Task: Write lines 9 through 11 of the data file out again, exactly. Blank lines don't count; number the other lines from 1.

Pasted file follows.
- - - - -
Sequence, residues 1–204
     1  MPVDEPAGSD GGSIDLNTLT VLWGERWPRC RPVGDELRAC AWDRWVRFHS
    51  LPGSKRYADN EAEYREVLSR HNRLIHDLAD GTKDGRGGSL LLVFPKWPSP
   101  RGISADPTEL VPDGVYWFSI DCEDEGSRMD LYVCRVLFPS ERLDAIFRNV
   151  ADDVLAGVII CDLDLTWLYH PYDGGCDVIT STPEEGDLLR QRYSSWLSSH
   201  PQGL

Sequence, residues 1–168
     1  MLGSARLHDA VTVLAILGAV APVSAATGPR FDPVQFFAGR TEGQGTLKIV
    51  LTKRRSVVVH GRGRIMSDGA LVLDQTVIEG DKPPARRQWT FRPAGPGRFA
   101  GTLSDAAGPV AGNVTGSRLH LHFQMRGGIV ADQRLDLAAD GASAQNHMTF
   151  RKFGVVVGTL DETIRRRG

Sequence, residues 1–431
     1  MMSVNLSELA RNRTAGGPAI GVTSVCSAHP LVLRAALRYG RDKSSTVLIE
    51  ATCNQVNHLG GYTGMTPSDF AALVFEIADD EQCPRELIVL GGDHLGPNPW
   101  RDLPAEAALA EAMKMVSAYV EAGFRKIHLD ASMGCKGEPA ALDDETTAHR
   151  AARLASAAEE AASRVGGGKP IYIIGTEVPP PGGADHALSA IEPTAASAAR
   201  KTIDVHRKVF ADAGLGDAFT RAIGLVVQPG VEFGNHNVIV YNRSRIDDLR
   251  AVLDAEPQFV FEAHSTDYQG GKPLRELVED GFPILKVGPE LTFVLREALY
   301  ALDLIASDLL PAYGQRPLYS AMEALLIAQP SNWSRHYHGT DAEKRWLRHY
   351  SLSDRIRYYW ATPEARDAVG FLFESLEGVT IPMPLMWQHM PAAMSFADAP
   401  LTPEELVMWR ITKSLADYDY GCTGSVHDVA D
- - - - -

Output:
    51  LTKRRSVVVH GRGRIMSDGA LVLDQTVIEG DKPPARRQWT FRPAGPGRFA
   101  GTLSDAAGPV AGNVTGSRLH LHFQMRGGIV ADQRLDLAAD GASAQNHMTF
   151  RKFGVVVGTL DETIRRRG